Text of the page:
MATERIALS AND METHODS

The study was carried out at the Department of Pharmacology, Faculty of Medicine, Minia university (from April, 2015-March, 2016) in accordance with the guide for the care and use of laboratory animals of the National Institute of Health.

Animals and drugs: Adult male albino rats (200-250 g), were obtained from the National Research Center (Giza, Egypt). Rats were housed in cages (3-4/cage) under standard laboratory conditions and fed rat chow diet and tap water. Diacerein powder was obtained from Eva pharma, Egypt. Cisplatin solution for injection (10 mg/10 mL) was purchased from Emic United Pharmaceutical (Cairo, Egypt).

Experimental design: The rats were allocated into 5 groups, 8 rats in each group as follow:

Group 1: Normal control group received vehicle (carboxymethyl cellulose)
Group 2: Diacerein control group received diacerein (100 mg kg–1/day, p.o.)7
Group 3: Cisplatin positive (nephrotoxic) control group received a single cisplatin (5 mg kg–1 i.p)8
Groups 4 and 5: Cisplatin plus diacerein treated groups, cotreated with cisplatin plus diacerein either in 50 or 100 mg kg–1/day, respectively

Diacerein was given from the 1st day for 14 consecutive days while cisplatin was injected at day 12 of the experiment. Rats were sacrificed at the 15th day.

Samples collection and preparation: At the end of the experimental period, rats were anaesthetized with urethane, weighed and sacrificed. Blood samples were collected from neck vessels by decapitation and left for 30 min to clot and then centrifuged (JANETZKI T30, Germany) for 10 min at 5000 rmp for separation of serum.

Kidneys were rapidly removed, dried, weighed and immediately frozen in liquid nitrogen. For each rat, half kidney was kept in 10% formalin for histopathological examination and second one and half were homogenized in ice-cold phosphate buffer and the homogenate was kept at -80°C for further measurements.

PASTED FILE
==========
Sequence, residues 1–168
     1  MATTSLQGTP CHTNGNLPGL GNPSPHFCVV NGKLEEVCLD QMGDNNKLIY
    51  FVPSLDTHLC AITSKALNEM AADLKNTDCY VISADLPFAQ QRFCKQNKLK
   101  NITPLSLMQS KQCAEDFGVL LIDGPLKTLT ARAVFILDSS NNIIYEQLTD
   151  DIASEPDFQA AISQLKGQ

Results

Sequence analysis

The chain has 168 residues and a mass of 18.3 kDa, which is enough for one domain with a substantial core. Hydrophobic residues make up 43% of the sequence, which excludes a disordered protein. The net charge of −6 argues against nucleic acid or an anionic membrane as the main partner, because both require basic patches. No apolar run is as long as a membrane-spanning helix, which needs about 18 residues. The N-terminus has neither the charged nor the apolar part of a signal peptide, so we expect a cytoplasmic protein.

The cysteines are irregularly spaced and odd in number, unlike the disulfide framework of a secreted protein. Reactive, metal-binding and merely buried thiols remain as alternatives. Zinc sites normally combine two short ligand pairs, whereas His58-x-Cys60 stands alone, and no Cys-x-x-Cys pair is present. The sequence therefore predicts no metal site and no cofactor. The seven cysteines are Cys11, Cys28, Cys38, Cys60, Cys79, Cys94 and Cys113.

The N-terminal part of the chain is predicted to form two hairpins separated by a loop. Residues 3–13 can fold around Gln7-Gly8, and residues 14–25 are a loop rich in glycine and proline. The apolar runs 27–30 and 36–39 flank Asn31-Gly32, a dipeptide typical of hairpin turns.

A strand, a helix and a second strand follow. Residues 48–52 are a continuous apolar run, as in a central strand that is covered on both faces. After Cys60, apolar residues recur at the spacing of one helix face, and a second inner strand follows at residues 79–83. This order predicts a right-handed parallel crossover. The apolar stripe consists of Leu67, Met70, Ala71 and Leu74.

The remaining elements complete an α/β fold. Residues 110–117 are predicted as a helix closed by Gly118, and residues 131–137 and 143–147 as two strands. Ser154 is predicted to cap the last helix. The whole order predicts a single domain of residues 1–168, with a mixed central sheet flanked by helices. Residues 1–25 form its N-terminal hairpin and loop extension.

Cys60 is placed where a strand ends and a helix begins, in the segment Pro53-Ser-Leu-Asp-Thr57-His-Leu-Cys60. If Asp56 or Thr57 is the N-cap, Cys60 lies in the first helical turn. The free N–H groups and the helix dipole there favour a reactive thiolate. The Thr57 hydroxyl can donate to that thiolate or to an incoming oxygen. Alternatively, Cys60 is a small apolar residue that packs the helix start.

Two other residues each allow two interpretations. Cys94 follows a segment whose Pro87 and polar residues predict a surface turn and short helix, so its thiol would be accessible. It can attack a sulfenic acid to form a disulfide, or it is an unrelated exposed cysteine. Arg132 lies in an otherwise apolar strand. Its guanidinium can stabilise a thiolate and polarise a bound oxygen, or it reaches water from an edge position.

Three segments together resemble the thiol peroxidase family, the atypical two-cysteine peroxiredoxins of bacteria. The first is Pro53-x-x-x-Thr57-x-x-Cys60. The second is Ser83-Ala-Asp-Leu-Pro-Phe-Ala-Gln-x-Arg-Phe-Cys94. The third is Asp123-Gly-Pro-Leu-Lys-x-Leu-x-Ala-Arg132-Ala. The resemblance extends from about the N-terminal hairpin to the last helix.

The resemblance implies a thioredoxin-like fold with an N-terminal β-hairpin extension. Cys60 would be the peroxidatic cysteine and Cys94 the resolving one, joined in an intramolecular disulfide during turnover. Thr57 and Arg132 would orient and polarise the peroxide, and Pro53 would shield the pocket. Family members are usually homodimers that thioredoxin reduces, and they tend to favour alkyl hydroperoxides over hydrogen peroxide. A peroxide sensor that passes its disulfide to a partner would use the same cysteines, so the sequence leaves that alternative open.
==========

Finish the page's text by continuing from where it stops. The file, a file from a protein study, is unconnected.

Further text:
Measurements
Assessment of urea and creatinine: Urea level in serum urea and creatinine in serum and urine were assayed by using an enzymatic colorimetric urea kits (Biodiagnostic, Egypt and Human Co., Germany; respectively), according to the kit instruction.

Determination of creatinine clearance: Determined as following: Urinary creatinine(Cru) mg dL–1×urine volume (v) mL/24 h divided on serum creatinine (Crs) mg dL–1×1440. According to the method described earlier9.

Determination of the fractional excretion of sodium (FENa+): The FENa+ measure the percent of filtered Na+ that

is excreted in the urine. This calculation is a marker that differentiates between pre-renal disease and acute tubular necrosis. The FENa+ increased in case of acute tubular necrosis. It is calculated according to the following Eq.9:

Where:
UNa+ = Sodium content in urine
UCr = Creatinine content in urine

Serum as well as urine contents of sodium were determined using flame photometer 400 (United Kingdom) for sodium.

Determination of urinary microalbumin level: Urinary albumin level was assayed by using a microalbuminria kit (BioSystems, Spain) according to the instruction of manufacturer.

Assessment of oxidative stress parameters in renal tissues: The reduced glutathione (GSH) was measured using colorimetric GSH kit (Biodiagnostic, Egypt).

The method is based on the reduction of the 5,5̀-Dithiobis (2-nitrobenzoic acid) (DTNB) with glutathione to produce a yellow compound. The reduced chromogen is directly proportional to GSH concentration and its absorption can be measured at 405 nm.

Catalase was measured using colorimetric catalase kit (Biodiagnostis Co. Egypt). Catalase converts H2O2 to H2O and O2. In the presence of peroxidase, remaining H2O2 reacts with 3,5-Dichloro-2-hydroxybenzene sulfonic acid and 4-Aminophenazone to form a chromophore with a color intensity inversely proportional to the amount of catalase in the original sample. Malondialdehyde level in renal tissues (MDA) is a reactive aldehyde that is a measure of lipid peroxidation. Renal contents of MDA were determined using the thiobarbituric acid method described earlier10.

Measurement of tumor necrosis factor-α (TNF-α) in renal tissue: Renal tissue content of TNF-α was measured using Enzyme-Linked Immunosorbent Assay (ELISA) kit (Sigma-Aldrich, St. Louis, MO, USA) according the kit instruction. Samples were loaded into well plates precoated with rat-specific monoclonal antibodies, followed by addition of a secondary detection antibody. A substrate solution (Avidin-Biotin-Peroxidase Complex) and acidic stop solution were used to produce a yellow color that read at 450 nm.